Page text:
The UAE IT services market is set to grow an impressive 15.5 per cent year-on-year in 2014 and at a compound annual growth rate of 11.3 per cent over the coming five years, according to the latest forecasts released by global advisory services firm International Data Corporation (IDC).
With IT services revenue set to reach $1.96 billion this year and $3.35bn by 2018, IDC says the UAE market’s stellar performance is being spurred by growing levels of investment by organizations in the public, banking and financial services, retail, healthcare, and transport sectors.
As well as announcing its latest market projections, the research firm also released actual data for 2013, with the UAE’s IT services market confirmed to have expanded 15 per cent last year to total $1.69bn. Increased investment in datacenters, disaster recovery (DR) sites, application modernization, infrastructure consolidation, and the refresh of existing infrastructure resulted in ‘project-based services’ being the largest macromarket, while the ‘support and installation’ and ‘outsourcing services’ segments also posted steady growth.
Meanwhile, new projects in the government, construction, banking and financial services, healthcare, and retail verticals helped the areas of systems integration, network consulting, and integration services expand strongly.
IDC has also seen a rapid increase in end-user organizations adopting managed and datacenter services as they strive to improve their operational efficiency and achieve better results.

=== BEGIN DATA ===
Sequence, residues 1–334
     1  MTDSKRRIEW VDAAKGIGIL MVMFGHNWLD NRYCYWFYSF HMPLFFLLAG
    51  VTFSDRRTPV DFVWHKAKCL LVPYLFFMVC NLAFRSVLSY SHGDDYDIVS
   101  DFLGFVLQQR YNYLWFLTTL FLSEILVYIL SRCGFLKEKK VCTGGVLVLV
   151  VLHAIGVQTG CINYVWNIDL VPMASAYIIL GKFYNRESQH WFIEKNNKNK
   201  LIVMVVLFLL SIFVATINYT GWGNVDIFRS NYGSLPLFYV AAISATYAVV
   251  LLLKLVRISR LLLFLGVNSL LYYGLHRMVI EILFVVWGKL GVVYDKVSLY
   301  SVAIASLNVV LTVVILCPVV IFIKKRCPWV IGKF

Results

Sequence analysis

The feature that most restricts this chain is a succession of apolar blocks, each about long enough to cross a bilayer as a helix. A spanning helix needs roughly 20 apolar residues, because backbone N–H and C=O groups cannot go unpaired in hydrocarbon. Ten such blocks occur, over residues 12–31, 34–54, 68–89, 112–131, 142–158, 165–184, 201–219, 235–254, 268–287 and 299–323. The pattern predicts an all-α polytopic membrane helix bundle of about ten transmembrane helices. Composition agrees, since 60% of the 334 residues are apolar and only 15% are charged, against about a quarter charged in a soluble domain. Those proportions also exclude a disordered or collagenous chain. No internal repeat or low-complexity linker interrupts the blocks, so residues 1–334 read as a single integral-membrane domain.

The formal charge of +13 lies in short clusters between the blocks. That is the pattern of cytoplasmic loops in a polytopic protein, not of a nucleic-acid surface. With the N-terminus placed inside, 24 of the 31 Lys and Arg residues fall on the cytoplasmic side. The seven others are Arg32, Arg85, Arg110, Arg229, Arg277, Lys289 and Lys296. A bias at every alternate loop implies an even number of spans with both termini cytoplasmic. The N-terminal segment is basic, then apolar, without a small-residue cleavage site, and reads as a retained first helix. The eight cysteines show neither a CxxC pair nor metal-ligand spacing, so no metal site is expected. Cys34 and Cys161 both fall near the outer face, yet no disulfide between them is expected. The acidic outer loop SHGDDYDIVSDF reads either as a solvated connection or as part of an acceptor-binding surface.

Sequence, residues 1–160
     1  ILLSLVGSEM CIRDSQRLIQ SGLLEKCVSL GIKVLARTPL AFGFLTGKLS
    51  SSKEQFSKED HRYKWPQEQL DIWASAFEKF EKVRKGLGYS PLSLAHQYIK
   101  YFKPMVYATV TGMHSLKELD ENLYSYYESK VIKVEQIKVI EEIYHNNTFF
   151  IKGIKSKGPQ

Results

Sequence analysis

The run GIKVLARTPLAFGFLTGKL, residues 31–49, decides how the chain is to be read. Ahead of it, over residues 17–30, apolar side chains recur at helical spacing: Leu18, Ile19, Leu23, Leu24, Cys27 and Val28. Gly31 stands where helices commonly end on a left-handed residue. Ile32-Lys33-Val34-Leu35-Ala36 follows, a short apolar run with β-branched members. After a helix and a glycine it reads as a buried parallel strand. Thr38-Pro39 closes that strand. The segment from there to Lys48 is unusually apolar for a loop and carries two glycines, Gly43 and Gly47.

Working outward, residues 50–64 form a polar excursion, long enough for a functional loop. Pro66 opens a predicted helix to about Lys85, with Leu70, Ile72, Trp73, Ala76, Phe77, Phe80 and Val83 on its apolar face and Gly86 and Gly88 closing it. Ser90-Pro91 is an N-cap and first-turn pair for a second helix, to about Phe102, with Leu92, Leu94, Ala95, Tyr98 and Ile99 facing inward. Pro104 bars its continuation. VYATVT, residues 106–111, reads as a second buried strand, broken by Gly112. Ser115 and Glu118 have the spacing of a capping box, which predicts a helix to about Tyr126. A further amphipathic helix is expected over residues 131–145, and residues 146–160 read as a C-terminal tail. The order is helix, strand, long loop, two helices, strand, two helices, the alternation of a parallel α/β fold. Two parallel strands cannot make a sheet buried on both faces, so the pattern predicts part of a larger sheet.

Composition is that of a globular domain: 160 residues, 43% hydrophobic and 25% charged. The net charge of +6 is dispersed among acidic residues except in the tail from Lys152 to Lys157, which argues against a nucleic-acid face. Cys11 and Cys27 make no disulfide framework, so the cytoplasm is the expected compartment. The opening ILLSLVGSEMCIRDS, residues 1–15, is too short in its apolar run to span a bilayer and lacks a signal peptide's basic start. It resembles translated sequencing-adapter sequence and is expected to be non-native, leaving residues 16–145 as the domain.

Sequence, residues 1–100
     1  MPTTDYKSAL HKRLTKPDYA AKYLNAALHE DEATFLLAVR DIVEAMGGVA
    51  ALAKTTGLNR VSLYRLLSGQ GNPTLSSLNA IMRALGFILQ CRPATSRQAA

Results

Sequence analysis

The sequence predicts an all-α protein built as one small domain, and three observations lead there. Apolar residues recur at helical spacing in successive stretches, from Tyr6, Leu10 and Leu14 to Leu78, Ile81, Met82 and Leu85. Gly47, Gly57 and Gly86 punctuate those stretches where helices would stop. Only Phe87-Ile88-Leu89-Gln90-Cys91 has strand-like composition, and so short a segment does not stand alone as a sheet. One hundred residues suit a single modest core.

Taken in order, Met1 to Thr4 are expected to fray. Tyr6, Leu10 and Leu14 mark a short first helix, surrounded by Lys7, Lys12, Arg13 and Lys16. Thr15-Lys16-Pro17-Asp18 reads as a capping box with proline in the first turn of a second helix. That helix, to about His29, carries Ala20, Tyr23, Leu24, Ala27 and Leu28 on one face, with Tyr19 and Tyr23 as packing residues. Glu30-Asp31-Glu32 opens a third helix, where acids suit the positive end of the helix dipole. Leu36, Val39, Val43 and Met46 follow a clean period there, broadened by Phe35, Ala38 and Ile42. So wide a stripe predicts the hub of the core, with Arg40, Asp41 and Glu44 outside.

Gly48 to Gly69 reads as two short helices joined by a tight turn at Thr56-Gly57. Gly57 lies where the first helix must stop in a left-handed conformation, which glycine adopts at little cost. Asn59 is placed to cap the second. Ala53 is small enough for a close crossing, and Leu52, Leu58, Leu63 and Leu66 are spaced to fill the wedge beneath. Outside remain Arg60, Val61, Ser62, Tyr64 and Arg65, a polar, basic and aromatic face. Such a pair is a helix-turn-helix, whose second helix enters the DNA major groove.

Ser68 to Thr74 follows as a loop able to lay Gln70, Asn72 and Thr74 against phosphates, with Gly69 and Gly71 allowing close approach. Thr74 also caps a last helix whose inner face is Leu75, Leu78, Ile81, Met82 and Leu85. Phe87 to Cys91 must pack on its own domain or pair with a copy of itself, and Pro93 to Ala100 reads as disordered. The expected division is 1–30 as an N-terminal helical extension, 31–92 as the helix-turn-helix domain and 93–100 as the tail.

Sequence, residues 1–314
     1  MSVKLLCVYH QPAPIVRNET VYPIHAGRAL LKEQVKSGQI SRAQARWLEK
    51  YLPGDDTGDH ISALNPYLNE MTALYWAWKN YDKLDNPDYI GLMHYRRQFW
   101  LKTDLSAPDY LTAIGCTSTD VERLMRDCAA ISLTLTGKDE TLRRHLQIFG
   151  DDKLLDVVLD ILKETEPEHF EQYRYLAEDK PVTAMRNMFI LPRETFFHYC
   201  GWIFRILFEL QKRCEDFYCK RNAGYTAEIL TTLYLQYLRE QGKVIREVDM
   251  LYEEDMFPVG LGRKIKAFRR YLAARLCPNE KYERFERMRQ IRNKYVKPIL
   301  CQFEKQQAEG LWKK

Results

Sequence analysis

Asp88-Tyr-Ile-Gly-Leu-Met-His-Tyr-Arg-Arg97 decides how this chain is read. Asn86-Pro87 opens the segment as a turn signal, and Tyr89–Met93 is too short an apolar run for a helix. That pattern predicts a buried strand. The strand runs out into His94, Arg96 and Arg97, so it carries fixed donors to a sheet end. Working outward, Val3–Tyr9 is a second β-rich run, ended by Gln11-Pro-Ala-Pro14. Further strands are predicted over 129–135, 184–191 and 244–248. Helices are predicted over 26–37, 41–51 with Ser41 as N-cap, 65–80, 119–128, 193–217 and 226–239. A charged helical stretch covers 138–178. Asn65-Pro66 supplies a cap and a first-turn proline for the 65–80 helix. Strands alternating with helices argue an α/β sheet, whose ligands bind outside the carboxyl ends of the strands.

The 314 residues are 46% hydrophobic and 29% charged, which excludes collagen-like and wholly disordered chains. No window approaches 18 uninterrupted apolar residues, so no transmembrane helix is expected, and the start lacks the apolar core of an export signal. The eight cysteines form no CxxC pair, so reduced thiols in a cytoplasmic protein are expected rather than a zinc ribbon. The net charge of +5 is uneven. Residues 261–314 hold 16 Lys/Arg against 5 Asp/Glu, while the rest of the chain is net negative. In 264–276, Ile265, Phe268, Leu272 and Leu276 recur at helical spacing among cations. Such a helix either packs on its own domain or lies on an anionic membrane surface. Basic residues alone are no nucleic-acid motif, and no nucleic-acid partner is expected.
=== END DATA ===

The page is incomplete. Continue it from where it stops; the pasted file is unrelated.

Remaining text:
“The UAE government has planned and launched multiple ambitious megaprojects that are expected to have a significant positive impact on the country’s IT services market,” says Saurabh Verma, research manager for IT services at IDC Middle East, Turkey, and Africa. “Outsourcing services have gained significant traction in the last few years and with the increased availability of managed and datacenter services providers, these markets are expected to maintain the growth momentum seen in 2013.”
Despite this promising outlook, Verma warns that the future will not be plain sailing for services providers. “The existing challenges they face will only grow in magnitude as the market expands,” he says. “This includes challenges around the lack of skills in the marketplace, unclear project scopes, competitive pricing pressures, project delivery issues, stringent SLAs, and the emergence of new market players. As such, those vendors that can transition from being a traditional IT services provider to becoming more of a strategic advisor to their customers are likely to be successful in the long run.”
In further developments, there has also been increased interest in the adoption of 3rd Platform technologies, namely big data and analytics, enterprise mobility, social platforms, and cloud computing. However, the interest and adoption levels have varied across verticals and in some cases been very industry specific. For example, numerous retail, transport, and banking and financial services organizations have started piloting big data and analytics projects, while other verticals are quickly adopting basic business intelligence and dashboard-based performance management tools.
Similarly, enterprise mobility is more prominent in the retail, manufacturing, telecom, and government verticals. Cloud services, meanwhile, are increasingly gaining adoption; however, customers across verticals still harbor inhibitions around data security and data locality. That said, IDC believes the adoption of cloud services has moved significantly from test to live environments, and there are now multiple use cases in verticals such as retail, professional services, manufacturing, and communications.